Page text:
What Is the Difference Between Authors & Editors?

Comparing Authors to Editors

Those who have earned a relevant bachelor's degree or who have a natural talent in this area may be well-suited for either of these roles. However, authoring is more of an 'ideas' function, whereas editing tends to look at ways to develop those ideas and to improve the ways they are shared in writing. Before making your final decision, it is essential to look at how these positions are similar and other ways in which they differ.

Job Title Education Requirements Median Salary (2017)* Job Growth (2016-2026)*
Authors Bachelor's degree $61,820 (Writers and Authors) 8% (Writers and Authors)
Editors Bachelor's degree $58,770 -1%

Source: *U.S. Bureau of Labor Statistics

Responsibilities of Authors vs. Editors

Although the two jobs may seem quite distinct, authors and editors share a number of related duties. The primary focus of both individuals is the reader. Without creating and developing content that captivates the target audience, a book won't succeed. To achieve this objective, authors and editors work closely together to make all content as strong as possible. After an author submits a manuscript, the editor works diligently to correct spelling and grammatical errors, and to make suggestions for improving the content. After receiving an editor's comments and revision requests, the author implements these changes.


Whether fiction or non-fiction, an author is the mind behind every book in existence. These writers often have a bachelor's degree in English or journalism and frequently take courses in writing to further build their skills. To get started as an author, one must develop an idea for a book that will interest a chosen audience, and that an individual can confidently write about with authority. If the author decides to write a work of fiction, he or she must work to create a plot, characters, and all other elements of a novel. If the author instead chooses to write a non-fiction book, he or she must begin by completing all needed research and interviews that will be included in the project.

An expanded look at the duties of an author is as follows:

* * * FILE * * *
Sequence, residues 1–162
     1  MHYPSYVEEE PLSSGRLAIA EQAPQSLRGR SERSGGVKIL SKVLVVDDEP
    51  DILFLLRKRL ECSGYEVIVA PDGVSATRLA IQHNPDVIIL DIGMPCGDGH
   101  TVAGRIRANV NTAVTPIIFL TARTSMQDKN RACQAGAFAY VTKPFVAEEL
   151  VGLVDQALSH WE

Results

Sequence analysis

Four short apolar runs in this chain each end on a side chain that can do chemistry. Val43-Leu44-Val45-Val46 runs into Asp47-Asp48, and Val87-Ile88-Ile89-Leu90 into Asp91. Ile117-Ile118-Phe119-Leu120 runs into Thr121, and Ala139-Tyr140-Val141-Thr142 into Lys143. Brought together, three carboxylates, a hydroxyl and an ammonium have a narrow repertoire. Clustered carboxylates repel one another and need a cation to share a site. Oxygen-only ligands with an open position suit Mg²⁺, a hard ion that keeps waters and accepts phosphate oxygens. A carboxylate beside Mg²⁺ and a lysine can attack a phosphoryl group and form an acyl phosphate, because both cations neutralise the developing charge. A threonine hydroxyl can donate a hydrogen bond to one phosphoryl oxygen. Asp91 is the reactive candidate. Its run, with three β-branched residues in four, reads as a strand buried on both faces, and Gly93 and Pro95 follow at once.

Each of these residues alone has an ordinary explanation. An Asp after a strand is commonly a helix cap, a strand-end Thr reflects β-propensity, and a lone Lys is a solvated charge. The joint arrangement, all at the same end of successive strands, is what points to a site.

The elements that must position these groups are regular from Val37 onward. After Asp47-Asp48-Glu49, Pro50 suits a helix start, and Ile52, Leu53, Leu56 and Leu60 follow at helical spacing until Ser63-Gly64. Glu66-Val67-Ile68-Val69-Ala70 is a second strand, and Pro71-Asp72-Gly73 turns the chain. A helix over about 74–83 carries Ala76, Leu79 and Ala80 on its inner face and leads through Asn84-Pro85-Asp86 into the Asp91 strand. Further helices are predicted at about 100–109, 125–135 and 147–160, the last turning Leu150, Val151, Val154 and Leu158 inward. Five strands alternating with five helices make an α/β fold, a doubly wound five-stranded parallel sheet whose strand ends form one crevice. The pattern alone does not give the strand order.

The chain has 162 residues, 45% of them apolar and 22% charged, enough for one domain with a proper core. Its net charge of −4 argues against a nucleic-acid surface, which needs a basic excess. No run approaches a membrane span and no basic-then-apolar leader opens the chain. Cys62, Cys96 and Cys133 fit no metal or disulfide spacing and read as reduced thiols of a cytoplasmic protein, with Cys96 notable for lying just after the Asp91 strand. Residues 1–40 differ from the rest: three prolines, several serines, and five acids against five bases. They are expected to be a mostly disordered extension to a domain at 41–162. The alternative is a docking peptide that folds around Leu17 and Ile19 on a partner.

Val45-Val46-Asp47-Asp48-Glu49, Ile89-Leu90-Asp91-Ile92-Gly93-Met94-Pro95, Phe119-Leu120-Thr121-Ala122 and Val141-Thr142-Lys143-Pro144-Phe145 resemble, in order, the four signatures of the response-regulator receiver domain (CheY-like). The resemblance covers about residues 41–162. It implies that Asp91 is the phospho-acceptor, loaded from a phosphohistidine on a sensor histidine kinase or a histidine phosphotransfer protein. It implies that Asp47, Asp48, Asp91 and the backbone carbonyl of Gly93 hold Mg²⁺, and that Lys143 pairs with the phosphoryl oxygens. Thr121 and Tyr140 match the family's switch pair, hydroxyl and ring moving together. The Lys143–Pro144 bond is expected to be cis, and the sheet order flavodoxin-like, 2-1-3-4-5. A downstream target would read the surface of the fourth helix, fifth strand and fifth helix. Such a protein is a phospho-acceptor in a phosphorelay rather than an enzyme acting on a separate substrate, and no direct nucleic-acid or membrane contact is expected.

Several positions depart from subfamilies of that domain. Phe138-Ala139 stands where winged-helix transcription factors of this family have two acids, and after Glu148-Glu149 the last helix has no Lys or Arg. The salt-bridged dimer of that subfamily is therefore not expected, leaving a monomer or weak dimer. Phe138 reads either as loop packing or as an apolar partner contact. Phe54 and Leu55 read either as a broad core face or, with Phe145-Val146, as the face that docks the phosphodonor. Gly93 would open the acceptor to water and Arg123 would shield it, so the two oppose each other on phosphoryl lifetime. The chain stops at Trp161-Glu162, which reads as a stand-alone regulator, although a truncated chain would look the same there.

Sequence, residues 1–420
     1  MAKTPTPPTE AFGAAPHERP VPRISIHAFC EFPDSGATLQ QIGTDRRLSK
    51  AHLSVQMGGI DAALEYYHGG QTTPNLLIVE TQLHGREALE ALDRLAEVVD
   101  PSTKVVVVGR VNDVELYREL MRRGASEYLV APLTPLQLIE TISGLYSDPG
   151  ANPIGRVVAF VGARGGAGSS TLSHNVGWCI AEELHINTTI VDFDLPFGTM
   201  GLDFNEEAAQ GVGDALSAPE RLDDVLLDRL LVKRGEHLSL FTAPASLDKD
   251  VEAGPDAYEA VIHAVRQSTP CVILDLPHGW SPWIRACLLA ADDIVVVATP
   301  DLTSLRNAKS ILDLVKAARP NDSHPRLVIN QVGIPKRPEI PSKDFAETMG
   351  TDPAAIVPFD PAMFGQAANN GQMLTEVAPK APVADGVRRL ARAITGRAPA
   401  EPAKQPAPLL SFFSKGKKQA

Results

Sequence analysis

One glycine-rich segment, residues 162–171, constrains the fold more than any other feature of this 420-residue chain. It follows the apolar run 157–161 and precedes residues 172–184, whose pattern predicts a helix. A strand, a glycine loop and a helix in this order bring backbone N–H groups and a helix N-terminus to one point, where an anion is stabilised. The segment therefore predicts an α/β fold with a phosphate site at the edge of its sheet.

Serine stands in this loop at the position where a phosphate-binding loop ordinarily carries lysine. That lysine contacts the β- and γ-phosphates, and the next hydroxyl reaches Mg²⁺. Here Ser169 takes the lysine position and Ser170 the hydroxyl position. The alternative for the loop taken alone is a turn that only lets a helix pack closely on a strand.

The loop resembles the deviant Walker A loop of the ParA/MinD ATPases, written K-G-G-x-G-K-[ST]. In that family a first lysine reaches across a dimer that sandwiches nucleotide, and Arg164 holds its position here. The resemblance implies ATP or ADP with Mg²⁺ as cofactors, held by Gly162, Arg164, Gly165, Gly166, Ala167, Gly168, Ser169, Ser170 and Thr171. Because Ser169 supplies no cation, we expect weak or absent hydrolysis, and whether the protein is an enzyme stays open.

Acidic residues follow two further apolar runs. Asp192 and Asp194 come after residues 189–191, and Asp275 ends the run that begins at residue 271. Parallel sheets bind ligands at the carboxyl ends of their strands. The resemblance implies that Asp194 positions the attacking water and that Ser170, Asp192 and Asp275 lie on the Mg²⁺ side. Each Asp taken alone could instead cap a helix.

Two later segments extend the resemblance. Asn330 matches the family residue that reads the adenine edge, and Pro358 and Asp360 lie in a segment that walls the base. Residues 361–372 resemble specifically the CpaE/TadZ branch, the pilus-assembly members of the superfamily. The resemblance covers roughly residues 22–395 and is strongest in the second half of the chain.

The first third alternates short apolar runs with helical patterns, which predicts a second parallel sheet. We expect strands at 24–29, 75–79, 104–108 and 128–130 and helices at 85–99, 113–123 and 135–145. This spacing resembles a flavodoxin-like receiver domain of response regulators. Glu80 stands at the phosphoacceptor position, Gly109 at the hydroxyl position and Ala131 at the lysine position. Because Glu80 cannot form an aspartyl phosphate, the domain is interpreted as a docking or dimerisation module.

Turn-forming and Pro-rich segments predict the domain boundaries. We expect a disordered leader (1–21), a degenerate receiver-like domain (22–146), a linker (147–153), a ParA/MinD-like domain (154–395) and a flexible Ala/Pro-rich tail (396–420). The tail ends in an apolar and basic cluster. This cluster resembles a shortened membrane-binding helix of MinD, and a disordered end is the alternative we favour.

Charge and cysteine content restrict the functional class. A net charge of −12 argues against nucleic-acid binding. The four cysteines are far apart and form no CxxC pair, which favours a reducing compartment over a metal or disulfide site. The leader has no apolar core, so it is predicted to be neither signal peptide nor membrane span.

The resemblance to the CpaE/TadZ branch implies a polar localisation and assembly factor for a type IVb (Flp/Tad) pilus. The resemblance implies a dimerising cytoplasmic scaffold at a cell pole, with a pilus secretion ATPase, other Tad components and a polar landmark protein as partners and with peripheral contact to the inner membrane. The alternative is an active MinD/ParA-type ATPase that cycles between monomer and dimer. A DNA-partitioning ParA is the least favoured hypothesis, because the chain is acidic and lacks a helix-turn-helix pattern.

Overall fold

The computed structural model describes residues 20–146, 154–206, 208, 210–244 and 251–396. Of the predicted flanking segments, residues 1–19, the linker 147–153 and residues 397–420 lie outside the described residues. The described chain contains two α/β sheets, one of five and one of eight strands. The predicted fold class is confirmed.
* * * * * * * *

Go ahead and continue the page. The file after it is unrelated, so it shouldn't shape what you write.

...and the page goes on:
• Cites all sources and research that are used for a book
  • Submits drafts to editors throughout the course of the project
  • Completes all revisions as requested by editors
  • Meets all applicable publishing deadlines


Once an individual has earned a relevant bachelor's degree and editing experience, he or she can apply to become an editor. Editors work with newspapers, magazines, book publishing companies, and online content publishers. The ultimate goal of an editor is to publish engaging content that is free of grammatical, spelling, and punctuation errors. They achieve this goal through the careful review of submitted written content. If edits are needed to this reviewed content, an editor may make the changes, or he or she may request that the writer implement the changes.

Additional routine responsibilities of editors include:

  • Reads content submitted by writers to judge if it is appropriate for a publication
  • Plans and coordinates publication content
  • Works long hours to meet tight publication deadlines
  • Submits final versions of articles, blog posts, and books for publication

Related Careers

Individuals who enjoy writing engaging, audience-focused content would also make an excellent fit as a content writer. Alternatively, those who enjoy creating meaningful content through a focus on detail and precision should consider a career as a technical writer.

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